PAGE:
the Act that "[the] court shall have no jurisdiction to proceed with any such suit . . . whenever it shall be made to appear that such suit was based upon evidence or information in the possession of the United States or any agency, officer or employee thereof, at the time such suit was brought." 31 U.S.C. § 232(C). If relator Thompson can establish that the Justice Department acted on the basis of some impermissible motive such as racial discrimination, he may be able to obtain appropriate relief in another lawsuit, but his claim of racial discrimination is not sufficient to confer subject matter jurisdiction upon the court in this case when the terms of the Act itself clearly state that the court "shall have no jurisdiction" in the circumstances here presented.
Finally, relator Martin-Trigona objects to dismissal of the entire action on jurisdictional grounds since only one of the six counts in his complaint is predicated on the False Claims Act. He contends that, even if the motions to dismiss made by the United States and by defendants are granted, the other counts, based on alleged violation of various federal statutes, should survive. Defendants, however, have also moved to dismiss these remaining counts on the ground that relator Martin-Trigona lacks standing to pursue them. The only assertion made by relator Martin-Trigona regarding his standing to bring such claims is that he is a federal taxpayer. The Supreme Court had announced a two-pronged standing test for plaintiffs suing in their capacity as federal taxpayers: (1) The suit must challenge an enactment under the taxing and spending clause of Art. 1, § 8, of the Constitution; and (2) it must claim that the challenged enactment exceeds specific constitutional limitations imposed on the taxing and spending power. United States v. Richardson, 418 U.S. 166, 173, 94 S. Ct. 2940, 41 L. Ed. 2d 678 (1974); Flast v. Cohen, 392 U.S. 83, 102-03, 88 S. Ct. 1942, 20 L. Ed. 2d 947 (1968). Relator Martin-Trigona's remaining five counts fail to satisfy this test; they have nothing to do with legislation passed pursuant to the taxing and spending power of the Congress, but only with the misuse of government funds by a single member of Congress. Those counts must, therefore, be dismissed along with the action under the False Claims Act for failure of relator Martin-Trigona to establish standing as a federal taxpayer. It is well settled that federal courts do not provide a forum for the sort of "generalized grievances about the conduct of government" which are embodied in those counts. Flast v. Cohen, supra, 392 U.S. at 106, 88 S. Ct. at 1956.
In making the motion to dismiss, the United States contends that it is merely deferring a decision as to whether or not defendants should be sued for the false claims which they allegedly made against the government. The United States claims that prosecution for civil liability at this time is premature and could interfere with any criminal investigation of defendants' activities. Furthermore, the United States fears that litigation by the relators, with the evidence and information which they currently possess, could result in an adverse decision collaterally estopping the Justice Department in any future litigation against defendants. These are compelling arguments based on sound principles of the administration of justice, and there is nothing in the record to suggest that the United States has any ulterior motive in moving for dismissal at this time. In any event, the court is bound by the plain language of the statute depriving the court of subject matter jurisdiction where, as here, the information and evidence upon which the suits were based was already in the possession of the United States prior to the suits' initiation.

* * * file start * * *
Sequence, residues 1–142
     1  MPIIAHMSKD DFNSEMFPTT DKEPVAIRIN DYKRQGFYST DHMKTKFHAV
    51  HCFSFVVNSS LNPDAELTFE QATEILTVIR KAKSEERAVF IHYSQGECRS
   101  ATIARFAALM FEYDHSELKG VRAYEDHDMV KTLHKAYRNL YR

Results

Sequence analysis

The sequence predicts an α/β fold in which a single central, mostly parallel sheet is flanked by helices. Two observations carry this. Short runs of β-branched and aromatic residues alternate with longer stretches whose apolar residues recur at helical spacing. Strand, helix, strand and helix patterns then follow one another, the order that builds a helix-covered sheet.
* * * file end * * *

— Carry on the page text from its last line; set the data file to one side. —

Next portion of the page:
An appropriate order accompanies this Memorandum Opinion.
FLANNERY, District Judge.
These matters came before the court on the motions of the plaintiff United States and the defendants to dismiss the actions for lack of subject matter jurisdiction. Also before the court are the motion of the United States to consolidate the three separate actions and the request of the United States to enter a special appearance, as well as motions by the defendants for award of costs. After consideration of the motions, memoranda submitted in support thereof, opposition thereto, oral argument thereon, and the entire record herein, and for the reasons set forth in the accompanying Memorandum Opinion, it appears to the court that these cases should be consolidated and that the United States should be permitted to make a special appearance. It further appears that the court is deprived of subject matter jurisdiction in these cases by the terms of 31 U.S.C. § 232(C), the False Claims Act, since the evidence and information upon which relators' suits were based were already in the possession of the United States prior to initiation of the suits. Accordingly, it is, by the court, this 26th day of October, 1976,
ORDERED that these suits be consolidated for joint consideration of the common question of this court's jurisdiction to proceed with the actions; and it is further
ORDERED that the United States may make a special appearance in the cases for purposes of hearing the question of the court's jurisdiction; and it is further
ORDERED that the motions of the United States and of defendants to dismiss the actions for lack of subject matter jurisdiction be, and the same hereby are, granted; and it is further
ORDERED that these actions are dismissed,
PROVIDED, however, that such dismissal shall be without prejudice to any right of the United States to assert the allegations herein in its own behalf and by its official legal representatives; and it is further
ORDERED that all motions for award of costs be, and the same hereby are, denied.